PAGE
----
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Freedom in Machinery
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  • Page extent: 448 pages
  • Size: 246 x 189 mm
  • Weight: 0.79 kg


 (ISBN-13: 9780521673310)

Does a machine run well by virtue of its accuracies, or its freedoms? This work presents an exciting, diagrammatic display of the hidden geometry of freedom and constraint. It bolsters the imaginative design of robots, but applies across all fields of machinery. The figures and their captions comprise alone a self-standing story, and this connects effectively with the rigorously argued text. The seamless combination of the two volumes (1984, 1990) renders the internal cross-referencing (forward and backward within the volumes) easier to look up. The appearance of this paperback is a clear testament to the work's ongoing readership. The term screw theory occurs throughout. This relates (after Ball) to the book's philosophy; and one might equally mention kinetostatics (after Federhofer). An all-pervading, counter-intuitive fact accordingly presents itself: while, analogously, angular velocity relates to force, linear velocity relates to couple. A direct consequence of Freedom in Machinery is a more recent book by the same author. Specifically titled General Spatial Involute Gearing and published in Germany (2003), it exemplifies the many ways in which Freedom in Machinery clarifies the enigmatic field of spatial mechanism. That field continuously expands with the current, continuous thrust of ordinary engineering practice.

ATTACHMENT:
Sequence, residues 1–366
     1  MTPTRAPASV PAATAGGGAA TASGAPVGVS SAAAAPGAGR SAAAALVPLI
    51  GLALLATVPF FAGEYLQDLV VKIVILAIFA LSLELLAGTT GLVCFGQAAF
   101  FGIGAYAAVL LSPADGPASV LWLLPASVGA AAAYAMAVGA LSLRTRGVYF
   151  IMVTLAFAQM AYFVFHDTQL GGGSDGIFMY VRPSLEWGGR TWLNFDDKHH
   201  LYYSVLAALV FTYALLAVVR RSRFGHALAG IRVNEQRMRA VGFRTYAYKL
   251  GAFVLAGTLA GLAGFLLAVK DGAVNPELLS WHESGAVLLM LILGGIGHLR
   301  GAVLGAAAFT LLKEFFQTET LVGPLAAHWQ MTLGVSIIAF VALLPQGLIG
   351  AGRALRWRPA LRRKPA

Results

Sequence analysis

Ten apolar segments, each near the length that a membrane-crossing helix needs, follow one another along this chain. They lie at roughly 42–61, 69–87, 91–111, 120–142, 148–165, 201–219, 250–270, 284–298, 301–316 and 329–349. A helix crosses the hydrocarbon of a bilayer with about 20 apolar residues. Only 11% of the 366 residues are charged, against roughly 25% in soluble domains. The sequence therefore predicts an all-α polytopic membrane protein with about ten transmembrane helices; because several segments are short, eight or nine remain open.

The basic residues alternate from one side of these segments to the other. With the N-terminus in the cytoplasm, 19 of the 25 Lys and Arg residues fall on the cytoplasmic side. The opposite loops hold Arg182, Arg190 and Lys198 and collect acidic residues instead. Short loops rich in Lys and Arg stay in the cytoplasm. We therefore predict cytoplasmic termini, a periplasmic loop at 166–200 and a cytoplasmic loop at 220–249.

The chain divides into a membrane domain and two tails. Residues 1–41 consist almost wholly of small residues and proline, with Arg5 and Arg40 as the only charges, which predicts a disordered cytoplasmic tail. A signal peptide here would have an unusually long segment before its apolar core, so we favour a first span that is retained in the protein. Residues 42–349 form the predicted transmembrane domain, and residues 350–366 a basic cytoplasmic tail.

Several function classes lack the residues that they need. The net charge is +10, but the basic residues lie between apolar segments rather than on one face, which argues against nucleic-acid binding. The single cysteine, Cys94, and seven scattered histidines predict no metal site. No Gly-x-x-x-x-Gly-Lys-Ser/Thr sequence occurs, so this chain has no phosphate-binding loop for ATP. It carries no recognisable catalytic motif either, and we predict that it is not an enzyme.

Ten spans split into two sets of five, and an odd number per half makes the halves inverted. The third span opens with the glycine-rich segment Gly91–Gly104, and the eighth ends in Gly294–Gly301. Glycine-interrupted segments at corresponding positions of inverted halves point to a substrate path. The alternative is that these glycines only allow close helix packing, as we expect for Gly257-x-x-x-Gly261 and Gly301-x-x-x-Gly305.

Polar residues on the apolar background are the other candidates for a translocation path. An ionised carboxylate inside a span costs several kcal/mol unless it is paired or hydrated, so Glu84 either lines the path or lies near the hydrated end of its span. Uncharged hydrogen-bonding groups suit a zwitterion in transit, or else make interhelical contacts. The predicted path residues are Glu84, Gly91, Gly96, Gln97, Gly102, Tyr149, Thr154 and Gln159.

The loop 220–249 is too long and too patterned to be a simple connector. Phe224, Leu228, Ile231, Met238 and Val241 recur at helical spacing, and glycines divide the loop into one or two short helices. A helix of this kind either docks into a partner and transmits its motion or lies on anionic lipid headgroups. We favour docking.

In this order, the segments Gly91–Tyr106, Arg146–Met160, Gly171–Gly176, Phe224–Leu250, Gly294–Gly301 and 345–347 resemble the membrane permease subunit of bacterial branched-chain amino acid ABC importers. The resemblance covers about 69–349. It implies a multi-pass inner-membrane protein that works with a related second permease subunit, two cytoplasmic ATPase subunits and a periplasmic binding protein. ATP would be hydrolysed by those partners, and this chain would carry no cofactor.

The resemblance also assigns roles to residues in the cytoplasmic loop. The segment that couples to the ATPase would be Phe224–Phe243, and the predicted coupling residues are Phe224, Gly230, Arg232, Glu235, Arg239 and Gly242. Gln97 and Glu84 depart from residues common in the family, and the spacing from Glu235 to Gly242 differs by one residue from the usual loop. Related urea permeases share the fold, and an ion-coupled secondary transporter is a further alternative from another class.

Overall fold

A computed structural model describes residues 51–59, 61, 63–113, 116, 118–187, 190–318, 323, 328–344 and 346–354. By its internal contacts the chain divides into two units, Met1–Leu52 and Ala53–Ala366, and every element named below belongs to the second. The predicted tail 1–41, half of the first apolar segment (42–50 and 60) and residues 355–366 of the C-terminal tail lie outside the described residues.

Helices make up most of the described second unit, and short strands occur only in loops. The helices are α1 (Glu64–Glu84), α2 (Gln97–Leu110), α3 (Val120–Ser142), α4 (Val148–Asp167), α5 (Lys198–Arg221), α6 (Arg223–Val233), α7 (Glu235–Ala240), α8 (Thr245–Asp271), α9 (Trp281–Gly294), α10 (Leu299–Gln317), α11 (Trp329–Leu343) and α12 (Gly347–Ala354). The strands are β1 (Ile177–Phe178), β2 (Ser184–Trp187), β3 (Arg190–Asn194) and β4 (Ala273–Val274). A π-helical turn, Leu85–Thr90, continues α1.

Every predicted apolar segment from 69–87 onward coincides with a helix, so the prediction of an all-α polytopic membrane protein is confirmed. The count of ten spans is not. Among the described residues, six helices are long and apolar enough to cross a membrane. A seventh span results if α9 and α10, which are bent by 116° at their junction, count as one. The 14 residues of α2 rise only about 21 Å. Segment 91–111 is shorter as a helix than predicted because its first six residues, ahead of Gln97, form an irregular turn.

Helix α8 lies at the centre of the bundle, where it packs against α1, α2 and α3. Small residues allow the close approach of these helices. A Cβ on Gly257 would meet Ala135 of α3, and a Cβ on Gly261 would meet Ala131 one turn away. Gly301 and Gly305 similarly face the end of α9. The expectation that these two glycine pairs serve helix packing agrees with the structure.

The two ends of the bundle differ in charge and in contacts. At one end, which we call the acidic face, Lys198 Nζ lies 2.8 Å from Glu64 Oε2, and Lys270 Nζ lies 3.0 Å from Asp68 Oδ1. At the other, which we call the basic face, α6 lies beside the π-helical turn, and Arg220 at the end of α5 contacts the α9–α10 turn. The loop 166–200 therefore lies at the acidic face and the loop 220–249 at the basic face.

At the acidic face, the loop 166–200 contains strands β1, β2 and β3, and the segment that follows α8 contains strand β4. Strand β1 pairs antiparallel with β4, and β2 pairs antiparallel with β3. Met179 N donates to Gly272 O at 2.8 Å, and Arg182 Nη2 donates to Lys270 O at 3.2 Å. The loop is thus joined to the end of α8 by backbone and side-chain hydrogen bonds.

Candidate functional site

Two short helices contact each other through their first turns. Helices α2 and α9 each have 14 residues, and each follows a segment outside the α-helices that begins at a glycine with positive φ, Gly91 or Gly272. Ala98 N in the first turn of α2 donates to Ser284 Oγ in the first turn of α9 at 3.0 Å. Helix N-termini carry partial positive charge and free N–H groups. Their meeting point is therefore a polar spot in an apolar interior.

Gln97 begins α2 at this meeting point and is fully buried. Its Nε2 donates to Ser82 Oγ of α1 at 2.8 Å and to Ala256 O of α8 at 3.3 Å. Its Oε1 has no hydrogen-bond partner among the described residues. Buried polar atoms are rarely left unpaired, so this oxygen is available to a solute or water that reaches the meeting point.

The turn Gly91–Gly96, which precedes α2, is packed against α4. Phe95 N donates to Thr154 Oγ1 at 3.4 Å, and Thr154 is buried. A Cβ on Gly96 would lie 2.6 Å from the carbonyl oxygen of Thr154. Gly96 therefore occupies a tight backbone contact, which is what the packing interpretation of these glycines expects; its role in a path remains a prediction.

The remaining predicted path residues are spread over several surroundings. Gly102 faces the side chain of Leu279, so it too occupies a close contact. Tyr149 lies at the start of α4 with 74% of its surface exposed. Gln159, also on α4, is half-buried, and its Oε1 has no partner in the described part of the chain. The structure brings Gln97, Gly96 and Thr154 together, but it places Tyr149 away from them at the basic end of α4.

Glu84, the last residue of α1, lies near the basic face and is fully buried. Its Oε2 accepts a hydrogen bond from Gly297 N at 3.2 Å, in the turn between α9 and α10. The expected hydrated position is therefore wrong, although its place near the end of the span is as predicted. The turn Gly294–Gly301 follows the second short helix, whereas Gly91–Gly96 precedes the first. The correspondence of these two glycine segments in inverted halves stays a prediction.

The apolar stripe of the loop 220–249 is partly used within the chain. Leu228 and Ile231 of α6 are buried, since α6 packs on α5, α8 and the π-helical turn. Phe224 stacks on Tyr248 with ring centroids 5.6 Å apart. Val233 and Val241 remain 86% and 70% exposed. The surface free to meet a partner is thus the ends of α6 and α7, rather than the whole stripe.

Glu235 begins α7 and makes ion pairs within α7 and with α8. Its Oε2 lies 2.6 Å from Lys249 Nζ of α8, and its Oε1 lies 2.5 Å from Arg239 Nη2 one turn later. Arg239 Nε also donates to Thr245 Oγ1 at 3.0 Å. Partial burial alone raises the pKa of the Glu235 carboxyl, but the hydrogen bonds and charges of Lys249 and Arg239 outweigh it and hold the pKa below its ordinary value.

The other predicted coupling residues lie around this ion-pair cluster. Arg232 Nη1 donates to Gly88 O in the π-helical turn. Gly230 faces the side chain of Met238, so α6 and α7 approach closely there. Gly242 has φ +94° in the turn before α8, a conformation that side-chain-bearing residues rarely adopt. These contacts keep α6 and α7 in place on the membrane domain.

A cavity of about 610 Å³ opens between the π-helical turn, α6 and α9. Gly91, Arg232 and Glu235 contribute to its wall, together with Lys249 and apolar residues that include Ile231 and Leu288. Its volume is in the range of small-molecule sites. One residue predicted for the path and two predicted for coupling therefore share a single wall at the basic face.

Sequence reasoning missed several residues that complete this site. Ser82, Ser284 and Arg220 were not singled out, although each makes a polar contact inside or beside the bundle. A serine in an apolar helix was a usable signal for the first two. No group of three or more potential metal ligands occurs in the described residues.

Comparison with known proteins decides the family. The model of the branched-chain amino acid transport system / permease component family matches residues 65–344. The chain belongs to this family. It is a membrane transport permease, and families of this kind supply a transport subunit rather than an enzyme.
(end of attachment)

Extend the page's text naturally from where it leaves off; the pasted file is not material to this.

Volume I: Preface; General introduction; 1. Mechanism and the mobility of mechanism; 2. Overconstraint and the nature of mechanical motion; 3. Some of the various lines in a moving body; 4. Enumerative geometry and the powers of infinity; 5. Rigidity and the instantaneous screw axis; 6. Irregularity and the freedoms within a joint; 7. The possibilities in reality for practical joints; 8. Some elementary aspects of two degrees of freedom; 9. The linear complex of right lines in a moving body; 10. Line systems and the dual vectors in mechanics; Volume II: Preface; 11. Geometrical properties of the linear line systems; 12. The vector polygons for spatial mechanism; 13. On the two theorems of three axes; 14. Some reciprocities across the middle number three; 15. The generality and the geometry of the cylindroid; 16. The discovery in a mechanism of a cylindroid; 17. Action, notion, clearances and backlash; 18. Singular events in the cycles of motion; 19. Fundamental relations and some algebraic methods; 20. The special geometry of some overconstrained loops; 21. The helitangent lines in a moving body; 22. The cylindroid in gear technology; 23. The general and the special screw systems; Bibliography; Index of proper names; Subject index.

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